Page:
Collies are known for their innate ability to become great animal herders. They’re also famous as having played Lassie on TV, and that reputation as a smart, caring breed is well deserved. Collies are not only intelligent enough to learn how to be great service dogs, but they are strong enough to help their handlers with some physically demanding jobs, too. 

The Collie’s keen sense of smell makes it an ideal candidate for becoming a Cardiac Alert Dog. Friendly and sociable with people and other animals, these dogs are dedicated, loyal and easy to train. 

Mixed Breeds & Rescue Dogs

It’s true that mixed breeds and rescue dogs usually don’t have a documented genetic lineage, but that shouldn’t automatically count against them as service animals, and especially not as pets. Plenty of dogs with unknown backgrounds are just as smart and eager to please as their purebred counterparts!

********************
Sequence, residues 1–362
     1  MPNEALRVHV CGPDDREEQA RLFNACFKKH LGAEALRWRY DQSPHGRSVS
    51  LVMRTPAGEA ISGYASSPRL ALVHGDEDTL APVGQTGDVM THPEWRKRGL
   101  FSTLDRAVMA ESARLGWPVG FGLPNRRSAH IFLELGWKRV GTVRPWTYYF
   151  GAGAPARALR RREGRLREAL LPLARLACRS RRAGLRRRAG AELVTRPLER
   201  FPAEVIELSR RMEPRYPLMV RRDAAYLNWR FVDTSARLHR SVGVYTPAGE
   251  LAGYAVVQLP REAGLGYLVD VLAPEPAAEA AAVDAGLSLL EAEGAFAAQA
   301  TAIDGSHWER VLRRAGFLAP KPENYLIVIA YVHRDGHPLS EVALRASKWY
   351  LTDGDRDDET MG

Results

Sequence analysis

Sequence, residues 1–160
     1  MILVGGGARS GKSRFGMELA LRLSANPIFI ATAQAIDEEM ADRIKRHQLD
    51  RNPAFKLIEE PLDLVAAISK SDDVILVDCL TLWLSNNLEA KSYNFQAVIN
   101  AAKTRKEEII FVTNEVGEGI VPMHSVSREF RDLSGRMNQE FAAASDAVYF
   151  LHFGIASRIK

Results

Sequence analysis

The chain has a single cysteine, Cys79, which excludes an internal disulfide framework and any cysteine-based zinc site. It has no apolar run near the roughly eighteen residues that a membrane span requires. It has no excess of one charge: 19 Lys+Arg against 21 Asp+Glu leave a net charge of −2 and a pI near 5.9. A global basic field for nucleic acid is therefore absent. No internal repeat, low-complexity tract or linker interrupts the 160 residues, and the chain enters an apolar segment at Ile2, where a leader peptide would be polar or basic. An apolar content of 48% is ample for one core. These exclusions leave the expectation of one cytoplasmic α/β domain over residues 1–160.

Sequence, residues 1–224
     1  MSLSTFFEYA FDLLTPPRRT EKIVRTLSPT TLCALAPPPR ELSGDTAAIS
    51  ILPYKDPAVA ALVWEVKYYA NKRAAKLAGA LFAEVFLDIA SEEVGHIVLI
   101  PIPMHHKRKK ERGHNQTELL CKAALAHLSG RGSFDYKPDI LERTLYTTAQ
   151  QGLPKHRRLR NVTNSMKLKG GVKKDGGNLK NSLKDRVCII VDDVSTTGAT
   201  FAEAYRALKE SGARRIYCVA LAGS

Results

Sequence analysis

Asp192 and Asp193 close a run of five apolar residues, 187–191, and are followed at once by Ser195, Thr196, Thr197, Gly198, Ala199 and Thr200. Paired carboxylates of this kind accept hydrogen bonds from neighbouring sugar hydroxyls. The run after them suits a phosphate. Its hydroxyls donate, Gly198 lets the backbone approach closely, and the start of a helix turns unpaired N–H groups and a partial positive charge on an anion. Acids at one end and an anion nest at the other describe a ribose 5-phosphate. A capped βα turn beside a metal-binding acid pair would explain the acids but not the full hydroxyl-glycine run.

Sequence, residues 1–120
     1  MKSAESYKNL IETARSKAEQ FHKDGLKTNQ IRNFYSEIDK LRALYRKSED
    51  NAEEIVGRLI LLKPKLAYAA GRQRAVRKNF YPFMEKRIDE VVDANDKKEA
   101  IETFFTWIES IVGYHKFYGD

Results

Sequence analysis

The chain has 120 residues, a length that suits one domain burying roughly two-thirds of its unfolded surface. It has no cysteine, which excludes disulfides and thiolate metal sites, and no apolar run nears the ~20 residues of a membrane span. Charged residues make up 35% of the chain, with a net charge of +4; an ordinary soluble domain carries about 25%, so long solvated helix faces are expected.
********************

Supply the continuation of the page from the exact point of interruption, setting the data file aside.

If you choose a mixed breed or a dog from a rescue shelter to train as a Cardiac Alert Dog, just remember the traits that are important for such dogs: A keen sense of smell, a friendly personality and the patience and intelligence to be trained. 

Ask a kennel assistant or breeder to meet with potential candidates to test their skills before you take your new dog home. Watch how a dog’s nose reacts when greeting you by sniffing your hand or clothes. A busy nose is a good sign!

Moving Forward with a Cardiac Alert Dog

Now that you know what to look for in a potential Cardiac Alert Dog, it’s time to find your new puppy and start training! If you still aren’t sure which type of dog is the best suited to you and your needs, take our quick Puppy Match Quiz to find out. 

Just answer a few questions about your hobbies and lifestyle and we’ll recommend several dog breeds and available puppies that should complement your life perfectly. If you have questions, we are always happy to chat.